2. Mutiny on the Bounty
Directed by Frank Lloyd
Written by Talbot Jennings, Jules Furthman, and Carey Wilson, from a novel by Charles Nordhoff and James Norman Hall

Revolution on the high seas.

3. Top Hat
Directed by Mark Sandrich
Written by Allan Scott, Dwight Taylor, Ben Holmes, and Ralph Spence

"You mean to sit there and tell me that that girl slapped your face in front of all those people for nothing?" "Well, what would you have done? Sold tickets?"

4. Ruggles of Red Gap
Directed by Leo McCarey
Written by Walter DeLeon, Harlan Thompson, and Humphrey Pearson, from a novel by Harry Leon Wilson

The first great comedy western.

5. The 39 Steps
Directed by Alfred Hitchcock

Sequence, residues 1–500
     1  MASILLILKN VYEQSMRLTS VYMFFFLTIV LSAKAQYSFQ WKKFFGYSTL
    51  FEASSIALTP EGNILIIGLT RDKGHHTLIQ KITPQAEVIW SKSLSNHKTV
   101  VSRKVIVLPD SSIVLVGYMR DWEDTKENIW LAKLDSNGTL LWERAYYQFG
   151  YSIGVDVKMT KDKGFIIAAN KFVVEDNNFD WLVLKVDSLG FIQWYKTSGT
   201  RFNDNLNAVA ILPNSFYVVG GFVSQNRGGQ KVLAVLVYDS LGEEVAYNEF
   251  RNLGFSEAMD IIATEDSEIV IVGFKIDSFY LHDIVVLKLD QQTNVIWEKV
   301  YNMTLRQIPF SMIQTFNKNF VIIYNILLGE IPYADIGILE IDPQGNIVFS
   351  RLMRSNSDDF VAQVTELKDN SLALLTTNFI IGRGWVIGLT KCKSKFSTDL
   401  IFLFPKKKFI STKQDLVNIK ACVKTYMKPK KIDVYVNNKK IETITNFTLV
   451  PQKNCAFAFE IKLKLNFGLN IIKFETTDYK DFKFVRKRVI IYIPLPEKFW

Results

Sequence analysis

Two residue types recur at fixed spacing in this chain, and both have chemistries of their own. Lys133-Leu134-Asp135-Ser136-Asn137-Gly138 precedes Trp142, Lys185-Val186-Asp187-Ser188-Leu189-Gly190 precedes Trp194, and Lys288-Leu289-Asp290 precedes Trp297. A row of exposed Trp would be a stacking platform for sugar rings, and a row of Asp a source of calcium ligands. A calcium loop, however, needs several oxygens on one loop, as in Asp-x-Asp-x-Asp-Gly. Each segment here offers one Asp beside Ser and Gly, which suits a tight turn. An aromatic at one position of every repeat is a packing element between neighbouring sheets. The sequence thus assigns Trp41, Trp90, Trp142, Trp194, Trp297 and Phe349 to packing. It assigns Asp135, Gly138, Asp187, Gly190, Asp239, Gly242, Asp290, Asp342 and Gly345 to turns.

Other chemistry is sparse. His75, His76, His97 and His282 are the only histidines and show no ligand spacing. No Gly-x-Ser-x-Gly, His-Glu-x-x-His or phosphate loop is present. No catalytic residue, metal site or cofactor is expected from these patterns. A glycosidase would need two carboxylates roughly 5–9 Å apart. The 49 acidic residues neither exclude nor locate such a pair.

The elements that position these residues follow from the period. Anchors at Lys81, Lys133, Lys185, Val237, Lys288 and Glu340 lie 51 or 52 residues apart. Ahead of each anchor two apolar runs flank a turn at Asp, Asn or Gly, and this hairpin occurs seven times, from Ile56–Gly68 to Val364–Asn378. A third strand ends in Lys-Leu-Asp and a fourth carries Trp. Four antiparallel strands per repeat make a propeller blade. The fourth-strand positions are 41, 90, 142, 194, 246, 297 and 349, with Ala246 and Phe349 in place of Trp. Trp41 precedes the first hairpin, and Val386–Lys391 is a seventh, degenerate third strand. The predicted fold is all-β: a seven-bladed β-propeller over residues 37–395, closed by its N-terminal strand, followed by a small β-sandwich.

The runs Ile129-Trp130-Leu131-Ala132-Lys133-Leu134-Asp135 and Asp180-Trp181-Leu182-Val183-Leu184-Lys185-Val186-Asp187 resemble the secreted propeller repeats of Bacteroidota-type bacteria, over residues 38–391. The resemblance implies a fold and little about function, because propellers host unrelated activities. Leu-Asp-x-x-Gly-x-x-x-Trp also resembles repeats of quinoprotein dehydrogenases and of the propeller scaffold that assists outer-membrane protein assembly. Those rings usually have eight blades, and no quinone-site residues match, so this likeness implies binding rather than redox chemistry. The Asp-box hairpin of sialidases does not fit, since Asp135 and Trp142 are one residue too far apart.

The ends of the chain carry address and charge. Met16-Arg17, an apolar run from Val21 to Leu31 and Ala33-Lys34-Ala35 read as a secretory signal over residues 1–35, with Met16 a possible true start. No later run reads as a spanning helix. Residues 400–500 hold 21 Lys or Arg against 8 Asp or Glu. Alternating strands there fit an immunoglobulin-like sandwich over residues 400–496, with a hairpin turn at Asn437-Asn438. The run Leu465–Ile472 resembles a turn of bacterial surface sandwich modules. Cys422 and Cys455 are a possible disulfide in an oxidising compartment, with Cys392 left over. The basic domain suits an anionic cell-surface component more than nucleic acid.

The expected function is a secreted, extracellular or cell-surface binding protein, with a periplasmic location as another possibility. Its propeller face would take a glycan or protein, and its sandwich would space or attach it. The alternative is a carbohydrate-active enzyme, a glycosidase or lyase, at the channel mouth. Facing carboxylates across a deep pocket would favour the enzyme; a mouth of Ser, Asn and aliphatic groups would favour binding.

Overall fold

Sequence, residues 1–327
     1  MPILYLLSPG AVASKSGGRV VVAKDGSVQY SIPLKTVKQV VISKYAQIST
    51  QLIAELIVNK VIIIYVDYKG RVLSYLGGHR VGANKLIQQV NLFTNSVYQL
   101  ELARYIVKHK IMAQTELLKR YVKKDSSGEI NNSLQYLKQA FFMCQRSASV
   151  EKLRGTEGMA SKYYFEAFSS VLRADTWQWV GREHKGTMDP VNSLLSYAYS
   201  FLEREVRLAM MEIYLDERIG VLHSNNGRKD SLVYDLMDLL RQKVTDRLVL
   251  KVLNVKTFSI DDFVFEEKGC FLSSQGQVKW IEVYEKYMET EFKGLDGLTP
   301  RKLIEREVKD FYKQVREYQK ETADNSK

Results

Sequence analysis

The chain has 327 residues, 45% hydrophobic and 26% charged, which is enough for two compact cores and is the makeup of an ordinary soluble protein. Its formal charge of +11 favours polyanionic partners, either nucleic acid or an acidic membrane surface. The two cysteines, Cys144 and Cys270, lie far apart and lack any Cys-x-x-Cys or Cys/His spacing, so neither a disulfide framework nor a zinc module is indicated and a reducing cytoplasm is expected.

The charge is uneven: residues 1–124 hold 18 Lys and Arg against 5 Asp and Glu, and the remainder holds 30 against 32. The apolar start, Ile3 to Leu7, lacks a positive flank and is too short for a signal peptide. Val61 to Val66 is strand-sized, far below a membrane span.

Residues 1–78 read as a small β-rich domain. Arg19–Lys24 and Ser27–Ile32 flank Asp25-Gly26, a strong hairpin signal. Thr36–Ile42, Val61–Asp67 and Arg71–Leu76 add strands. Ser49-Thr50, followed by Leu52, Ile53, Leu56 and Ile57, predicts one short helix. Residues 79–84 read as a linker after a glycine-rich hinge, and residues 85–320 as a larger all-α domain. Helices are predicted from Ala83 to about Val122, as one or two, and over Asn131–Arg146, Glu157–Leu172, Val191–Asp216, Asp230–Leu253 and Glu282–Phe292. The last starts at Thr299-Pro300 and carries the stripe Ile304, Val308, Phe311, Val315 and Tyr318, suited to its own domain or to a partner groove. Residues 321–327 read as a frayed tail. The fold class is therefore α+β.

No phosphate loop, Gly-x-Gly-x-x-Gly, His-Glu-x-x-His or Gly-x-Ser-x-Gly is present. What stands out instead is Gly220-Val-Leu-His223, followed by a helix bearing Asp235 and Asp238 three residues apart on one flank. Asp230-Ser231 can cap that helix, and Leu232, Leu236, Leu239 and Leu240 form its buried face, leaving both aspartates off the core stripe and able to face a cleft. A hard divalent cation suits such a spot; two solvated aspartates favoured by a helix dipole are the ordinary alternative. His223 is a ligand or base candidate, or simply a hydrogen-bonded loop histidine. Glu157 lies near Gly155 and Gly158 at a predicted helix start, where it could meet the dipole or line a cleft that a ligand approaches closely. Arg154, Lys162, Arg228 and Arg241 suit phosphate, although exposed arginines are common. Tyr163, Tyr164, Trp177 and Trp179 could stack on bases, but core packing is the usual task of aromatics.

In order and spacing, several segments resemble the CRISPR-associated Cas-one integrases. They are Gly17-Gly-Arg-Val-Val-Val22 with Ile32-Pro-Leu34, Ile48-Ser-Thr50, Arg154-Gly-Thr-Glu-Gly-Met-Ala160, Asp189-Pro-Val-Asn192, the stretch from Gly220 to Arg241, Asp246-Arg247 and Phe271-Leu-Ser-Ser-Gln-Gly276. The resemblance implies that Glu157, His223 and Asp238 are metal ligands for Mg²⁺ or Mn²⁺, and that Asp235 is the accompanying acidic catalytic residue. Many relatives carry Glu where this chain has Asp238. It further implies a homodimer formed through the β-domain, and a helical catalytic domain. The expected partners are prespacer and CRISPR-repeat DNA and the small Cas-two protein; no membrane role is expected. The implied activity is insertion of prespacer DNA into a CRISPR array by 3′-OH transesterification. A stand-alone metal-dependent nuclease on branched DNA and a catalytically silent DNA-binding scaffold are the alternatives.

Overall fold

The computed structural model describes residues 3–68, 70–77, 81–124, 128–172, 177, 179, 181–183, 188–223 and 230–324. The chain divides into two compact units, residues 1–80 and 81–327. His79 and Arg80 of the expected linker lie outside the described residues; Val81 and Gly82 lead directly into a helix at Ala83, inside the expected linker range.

Written by Charles Bennett and Ian Hay, from a novel by John Buchan

Hitchcock wouldn't perfect the lightly comic conspiracy movie til he made The Lady Vanishes, but I think it's fair to say that this is where he mastered it.

6. A Night at the Opera
Directed by Sam Wood
Written by George S. Kaufman and Morrie Ryskind

The taming of the Marx Brothers begins here, but in this case the film is so funny that you barely notice. In later pictures, alas, that will change.

7. Toni
Directed by Jean Renoir
Written by Renoir and Carl Einstein, from a story by Andre Levert

Neorealism was a film movement born in Italy in the 1940s, yet somehow Renoir made a neorealist movie in France in the 1930s. Go figure.

8. Sazen Tange and the Pot Worth a Million Ryo
Directed by Sadao Yamanaka
Written by Shintarô Mimura

"Why is that man groaning?" "He lost a game."